Mr. Waterbridge paused to finish drinking his cup of tea.
“I then showed my latest effort to a publisher who was known for promoting new talent and he seemed interested but said I still needed to work on my idea. Then, as one’s destiny can never be planned and I had always been interested in horticulture, I went to the Chelsea Flower Show. There, quite by chance, as they say, I bumped into someone, literally. We were both trying to see the name of some amber-coloured flowers and collided. Then, “Oh, sorry, sorry” on both parts and we started chatting. He said he was in the Police Force and that he too loved flowers but had no possibility of growing any as he lived in a rented flat. Like me! And moreover I found out that we’d both been dumped recently by our girlfriends.”
Mr. Waterbridge called the waiter and asked him if they could have some more tea. He then took up where he had left off, “Soon we became friends and I told Glynn, that’s his name, about my efforts to have my book published. As he was in the Police Force I asked him if he’d be interested in reading my manuscript and tell me what he thought of it. I had recently come up with the idea of creating a strong character who was to become Inspector Dimitri Kawaloski-Smith, better known as Inspector Dim.”
“Just a minute - Inspector Dim? Then you must be Michael D. Zard, the well-known writer! Several of your books have been made into films too,” exclaimed Daisy.
“Well, of course Michael D. Zard was only my pseudonym. I‘m glad somebody still remembers me in the UK but I’d prefer to remain unknown round here. My granddaughter will be arriving soon, she’ll be living with me now and studying, so I don’t want her bothered with people knocking on the door and asking questions.”
“But you checked to see if your books were available at the library!” quipped Daisy.
“Yes, it’s true. My vanity won! Oh, by the way, please call me Jack.”
“And, as you know already, my name is Daisy and I loved Inspector Smith’s trademark not to use violence or intimidation to achieve his ends but to lull the villain into a sense of well-being until he had almost forgotten he was talking to a policeman and gave the game away.”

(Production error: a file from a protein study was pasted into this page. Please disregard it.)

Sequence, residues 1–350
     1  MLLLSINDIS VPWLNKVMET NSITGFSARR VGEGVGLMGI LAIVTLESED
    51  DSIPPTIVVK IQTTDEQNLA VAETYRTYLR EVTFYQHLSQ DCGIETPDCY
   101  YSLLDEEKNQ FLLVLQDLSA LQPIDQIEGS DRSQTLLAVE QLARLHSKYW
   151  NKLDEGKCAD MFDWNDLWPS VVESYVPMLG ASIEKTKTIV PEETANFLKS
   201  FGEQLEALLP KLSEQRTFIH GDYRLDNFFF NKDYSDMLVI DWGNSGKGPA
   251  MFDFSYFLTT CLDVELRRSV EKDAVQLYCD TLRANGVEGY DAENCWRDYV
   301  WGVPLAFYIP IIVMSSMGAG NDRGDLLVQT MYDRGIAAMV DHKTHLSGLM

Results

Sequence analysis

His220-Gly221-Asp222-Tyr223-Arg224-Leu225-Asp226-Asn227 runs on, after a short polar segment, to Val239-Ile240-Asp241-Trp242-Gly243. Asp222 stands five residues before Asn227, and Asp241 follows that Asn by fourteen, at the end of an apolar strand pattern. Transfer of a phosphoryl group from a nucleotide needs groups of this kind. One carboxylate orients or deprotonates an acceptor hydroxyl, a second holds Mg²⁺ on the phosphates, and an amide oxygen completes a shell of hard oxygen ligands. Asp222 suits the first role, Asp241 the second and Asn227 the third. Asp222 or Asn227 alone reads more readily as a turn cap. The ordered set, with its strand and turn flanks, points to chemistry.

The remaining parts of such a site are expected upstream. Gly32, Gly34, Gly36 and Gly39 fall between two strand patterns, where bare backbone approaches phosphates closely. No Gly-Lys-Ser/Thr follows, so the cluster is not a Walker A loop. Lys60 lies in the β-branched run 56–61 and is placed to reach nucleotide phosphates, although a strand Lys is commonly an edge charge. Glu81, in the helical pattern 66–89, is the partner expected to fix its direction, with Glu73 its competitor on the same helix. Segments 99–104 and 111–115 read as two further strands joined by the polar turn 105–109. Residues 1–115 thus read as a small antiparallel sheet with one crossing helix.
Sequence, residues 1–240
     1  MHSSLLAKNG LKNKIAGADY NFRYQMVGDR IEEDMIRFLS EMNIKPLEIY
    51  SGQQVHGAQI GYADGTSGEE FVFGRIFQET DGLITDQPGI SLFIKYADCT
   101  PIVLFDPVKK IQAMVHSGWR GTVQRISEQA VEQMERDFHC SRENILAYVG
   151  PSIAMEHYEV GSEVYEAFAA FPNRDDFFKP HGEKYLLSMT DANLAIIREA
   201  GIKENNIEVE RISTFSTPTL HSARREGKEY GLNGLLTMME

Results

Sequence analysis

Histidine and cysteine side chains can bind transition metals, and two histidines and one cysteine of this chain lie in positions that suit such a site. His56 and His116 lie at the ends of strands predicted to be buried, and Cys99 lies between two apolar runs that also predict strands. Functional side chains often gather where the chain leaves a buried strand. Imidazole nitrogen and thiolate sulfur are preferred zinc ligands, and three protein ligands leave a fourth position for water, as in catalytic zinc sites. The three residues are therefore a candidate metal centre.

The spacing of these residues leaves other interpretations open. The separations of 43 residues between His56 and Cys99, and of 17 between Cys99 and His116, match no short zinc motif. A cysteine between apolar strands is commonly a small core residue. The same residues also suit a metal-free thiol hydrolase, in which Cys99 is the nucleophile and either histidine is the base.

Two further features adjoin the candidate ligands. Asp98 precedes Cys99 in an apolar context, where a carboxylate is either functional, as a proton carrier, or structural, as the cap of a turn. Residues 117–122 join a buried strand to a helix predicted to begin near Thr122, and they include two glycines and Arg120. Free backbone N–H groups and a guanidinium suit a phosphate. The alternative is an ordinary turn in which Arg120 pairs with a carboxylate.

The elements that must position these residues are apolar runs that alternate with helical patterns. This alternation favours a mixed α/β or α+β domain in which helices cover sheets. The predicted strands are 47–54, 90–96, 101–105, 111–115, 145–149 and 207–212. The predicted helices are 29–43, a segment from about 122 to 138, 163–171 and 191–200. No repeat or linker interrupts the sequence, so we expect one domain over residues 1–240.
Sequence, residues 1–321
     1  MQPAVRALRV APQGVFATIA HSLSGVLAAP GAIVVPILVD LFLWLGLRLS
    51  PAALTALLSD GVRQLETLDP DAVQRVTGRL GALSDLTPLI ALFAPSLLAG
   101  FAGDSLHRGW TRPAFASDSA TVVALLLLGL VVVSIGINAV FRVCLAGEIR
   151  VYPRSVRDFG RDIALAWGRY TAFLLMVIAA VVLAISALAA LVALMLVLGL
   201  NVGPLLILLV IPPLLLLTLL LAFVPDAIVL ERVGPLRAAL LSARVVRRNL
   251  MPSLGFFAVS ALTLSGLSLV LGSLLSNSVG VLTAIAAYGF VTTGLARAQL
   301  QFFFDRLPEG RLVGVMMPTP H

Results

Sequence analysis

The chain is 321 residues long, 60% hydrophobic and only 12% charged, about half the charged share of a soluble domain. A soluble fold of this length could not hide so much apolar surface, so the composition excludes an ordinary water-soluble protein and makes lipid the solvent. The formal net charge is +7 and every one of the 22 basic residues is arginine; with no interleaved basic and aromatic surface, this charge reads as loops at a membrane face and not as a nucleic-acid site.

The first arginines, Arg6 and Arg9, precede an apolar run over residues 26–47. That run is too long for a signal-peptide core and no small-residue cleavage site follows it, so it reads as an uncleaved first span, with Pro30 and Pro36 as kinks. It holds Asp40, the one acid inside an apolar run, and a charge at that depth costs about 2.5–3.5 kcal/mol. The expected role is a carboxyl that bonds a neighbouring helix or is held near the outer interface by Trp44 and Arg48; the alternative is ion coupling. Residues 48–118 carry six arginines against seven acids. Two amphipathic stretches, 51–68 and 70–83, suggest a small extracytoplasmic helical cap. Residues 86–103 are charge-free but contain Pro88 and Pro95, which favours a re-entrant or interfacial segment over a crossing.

Jack looked pleased that Daisy knew his books. “Well,” he continued, “Glynn read my manuscript and pointed out a few inaccuracies especially concerning Inspector Dim’s relationships with the secret services. As he had never told me his surname I realised that he was no ordinary policeman at all but connected with some special unit, or something like that, as he later admitted he was. Anyway, I went back to the publisher who had shown interest in my work, he liked the new version and after a lot of comings and goings the book was finally published. Then, as they say, the rest is history. After this I wrote another two books, which Glynn kindly read, helping me smooth out a few rough patches. Then I got an offer from an American producer to make a film of my first book, which of course I accepted. I went over there, fell in love with the costumier, we got married and honeymooned in the UK. I looked for Glynn but he had left his flat with no forwarding address. The person who had been instrumental in perfecting my Inspector Dim books had disappeared!”
Unfazed by this dramatic statement Daisy remarked, “And you haven’t tried to find him on the internet?”
“Unfortunately I never found out what Glynn’s surname was. And Glynn might not even be his real name!” Jack sighed.
Daisy was used to solving difficult cases but this one really seemed to test her strength.
“Well, we have to live with that... Mm, I do have some contacts with the police but they aren’t going to reveal anything to me about the whereabouts of a secret agent...” Daisy muttered.
“Or ex-agent, shall we say, as he would be well over seventy-five by now,” added Jack.
“Tell me about what Glynn and you talked about,” Daisy suggested.
“Well you know... my books, of course, horticulture and our mutual wish to have a garden one day to plant beautiful flowers and things.”
“Did you find out where he was born?” asked Daisy.
“No, he was always very vague about his personal life, so I didn’t pursue the matter. All I know is that he must have been chosen for a particular reason - maybe because he was Welsh and spoke the language fluently.” Just at that moment Daisy’s mobile rang. “Sonia, you’ve arrived already! Ah, you got an earlier plane. Right, I’ll be there as soon as I can.”
Daisy turned towards Jack, “Sorry Jack, we’ll have to leave it there now. I’ve got to pick up my journalist friend Sonia who’s arriving from Kabul earlier than I expected but before I go I’d like to ask you if you met anybody when you were with Glynn who could help us find him?”
“No, he was a quiet sort of chap and we usually met to have something to eat or drink and then we’d go to my place to read my manuscript. I don’t even know if he had any friends. Probably he did, amongst his colleagues, I suppose. But... I’ve just remembered something - it was the premiere of the first Inspector Dim film at Leicester Square. I was there with the film director and everybody else when someone touched my shoulder - it was Glynn, this time all dressed up in a dinner jacket and looking very smart. He wished me luck, smiled and disappeared into the crowd. It was rather weird.”